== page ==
That's something that may well be addressed when Rufus Norris announces a new programme next week. I hope so. But meanwhile there is something rather interesting happening in the NT’s Lyttleton auditorium where two great plays about capitalism, patriarchy and feminism–both written by women–are playing in tandem. They ping and zing off of each other even though they were written 70 years apart.
The better known of the two is Caryl Churchill’s 1982 Top Girls, about Marlene the employment agency boss who is determined to be a top girl. For many, the revelation will be Githa Sowerby’s 1912 Rutherford and Son about the owner of glassworks factory in the North East who sacrifices his own children to the god of capitalism. In the quest for profit Rutherford has turned himself to stone and is destroying his own children’s self-worth and happiness. Just as Marlene sacrifices a child to her own economic success in Top Girls.
Roger Allam & Justine Mitchell in Rutherford and Son. Photo by Johan Persson.
In Rutherford and Son, the patriarch’s eldest son John Jnr (Sam Troughton) has tried to escape but has returned like a whipped, whining puppy with a sensible, watchful wife (Anjana Vasan) and baby in tow. Second son Martin (Joe Armstrong) has retreated into the church and a job as a curate, and daughter Janet (Justine Mitchell), realising that life is passing her by, snatches at a happiness that brings down her father’s wrath.
It is a remarkable play, full of insights into class, generational conflict and the tension between Victorian and Edwardian attitudes. It boasts a mighty performance from Roger Allam as the mutton-chopped Rutherford, even if Polly Findlay’s production overlays it with a “by heck, it’s grim up north” lack of subtlety. It doesn’t just rain, it mizzles – as if reflecting the misery of everyone holed up in the Rutherford house, a place so dark and gloomy in Lizzie Clachan’s wonderfully textured design that it feels like a prison. Which of course it is. There are times when the accents are so thick it is as if half of the cast are talking through clenched jaws.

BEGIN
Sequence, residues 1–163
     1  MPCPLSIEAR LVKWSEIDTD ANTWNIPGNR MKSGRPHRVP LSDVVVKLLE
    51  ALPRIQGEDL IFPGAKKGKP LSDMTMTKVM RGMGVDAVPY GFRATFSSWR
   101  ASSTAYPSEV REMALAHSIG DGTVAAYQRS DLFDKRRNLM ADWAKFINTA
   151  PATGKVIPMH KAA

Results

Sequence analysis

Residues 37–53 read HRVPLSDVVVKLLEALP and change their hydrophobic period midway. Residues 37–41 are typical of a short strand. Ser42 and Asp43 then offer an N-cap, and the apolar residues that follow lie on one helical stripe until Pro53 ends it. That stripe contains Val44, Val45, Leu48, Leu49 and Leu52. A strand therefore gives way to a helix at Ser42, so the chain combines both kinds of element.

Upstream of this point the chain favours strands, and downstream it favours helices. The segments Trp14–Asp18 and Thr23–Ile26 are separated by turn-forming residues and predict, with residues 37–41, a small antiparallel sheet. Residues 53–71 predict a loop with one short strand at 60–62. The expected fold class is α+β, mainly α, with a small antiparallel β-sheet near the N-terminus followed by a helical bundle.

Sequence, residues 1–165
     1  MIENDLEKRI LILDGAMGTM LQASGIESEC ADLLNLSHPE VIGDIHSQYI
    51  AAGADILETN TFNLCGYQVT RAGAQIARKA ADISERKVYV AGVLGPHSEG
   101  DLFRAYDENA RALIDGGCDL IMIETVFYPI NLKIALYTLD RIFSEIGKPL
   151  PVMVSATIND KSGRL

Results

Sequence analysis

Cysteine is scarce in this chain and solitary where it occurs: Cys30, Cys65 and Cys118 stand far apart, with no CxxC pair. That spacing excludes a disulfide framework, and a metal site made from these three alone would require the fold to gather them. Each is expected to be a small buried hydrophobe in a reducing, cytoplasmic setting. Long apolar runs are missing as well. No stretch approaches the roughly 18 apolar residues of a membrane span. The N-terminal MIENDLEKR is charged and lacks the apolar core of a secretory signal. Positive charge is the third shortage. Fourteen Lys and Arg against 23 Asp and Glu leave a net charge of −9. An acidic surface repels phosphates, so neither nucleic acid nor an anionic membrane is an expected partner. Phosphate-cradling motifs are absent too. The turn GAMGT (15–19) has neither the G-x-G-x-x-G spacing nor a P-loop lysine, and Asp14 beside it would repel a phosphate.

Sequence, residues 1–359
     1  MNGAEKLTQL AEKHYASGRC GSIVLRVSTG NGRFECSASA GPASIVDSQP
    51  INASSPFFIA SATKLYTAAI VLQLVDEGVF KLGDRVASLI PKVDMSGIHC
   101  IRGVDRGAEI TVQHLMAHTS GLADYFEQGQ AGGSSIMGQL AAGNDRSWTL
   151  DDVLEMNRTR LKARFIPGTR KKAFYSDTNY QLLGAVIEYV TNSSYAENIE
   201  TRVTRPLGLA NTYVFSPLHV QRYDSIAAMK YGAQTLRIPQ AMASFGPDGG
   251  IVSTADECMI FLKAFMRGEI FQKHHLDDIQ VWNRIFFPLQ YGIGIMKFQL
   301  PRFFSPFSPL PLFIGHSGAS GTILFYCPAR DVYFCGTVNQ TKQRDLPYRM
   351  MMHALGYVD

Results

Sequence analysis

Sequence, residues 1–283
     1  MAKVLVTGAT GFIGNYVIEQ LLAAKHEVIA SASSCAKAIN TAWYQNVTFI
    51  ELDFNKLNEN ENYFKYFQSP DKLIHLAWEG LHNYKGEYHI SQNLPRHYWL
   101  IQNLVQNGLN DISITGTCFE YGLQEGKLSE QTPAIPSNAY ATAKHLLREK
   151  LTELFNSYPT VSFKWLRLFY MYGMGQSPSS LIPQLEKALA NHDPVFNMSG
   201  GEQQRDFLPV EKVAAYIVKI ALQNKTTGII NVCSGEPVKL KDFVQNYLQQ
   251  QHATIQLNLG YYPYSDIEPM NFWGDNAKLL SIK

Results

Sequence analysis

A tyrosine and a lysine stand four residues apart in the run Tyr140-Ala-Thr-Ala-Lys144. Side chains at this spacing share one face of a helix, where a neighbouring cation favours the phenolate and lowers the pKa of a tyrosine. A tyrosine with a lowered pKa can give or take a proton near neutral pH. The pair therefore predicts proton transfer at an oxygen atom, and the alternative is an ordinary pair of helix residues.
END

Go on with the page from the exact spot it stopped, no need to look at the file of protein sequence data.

But goodness, it is gripping as it shows the family coming apart at the seams as the children’s furies and resentments of each other and their situations come to the surface, and Allam’s Rutherford deals with each of them with the same casual indifference with which he deals with his employees.
Justine Mitchell & Barbara Martin. Photo by Johan Persson.
The great trick of Allam’s performance is that he makes Rutherford seem like such a reasonable monster. This is a man who fails to realise that he is already a dinosaur, and who thinks he is doing the best for his children even as he deforms them emotionally because they are so afraid of him. We pity him rather than hate him.
I also really like the fact that after the final bargain in the play has been made that the closing image is so double edged. What we see could be interpreted as a prison or might be seen as a woman taking control, rolling a dice against the future and winning. Because one of the questions both these plays raise is what winning means and whether you can ever win against capitalism. Particularly if you are a woman.
Rutherford and Son runs at The National Theatre until Sat 3 August.
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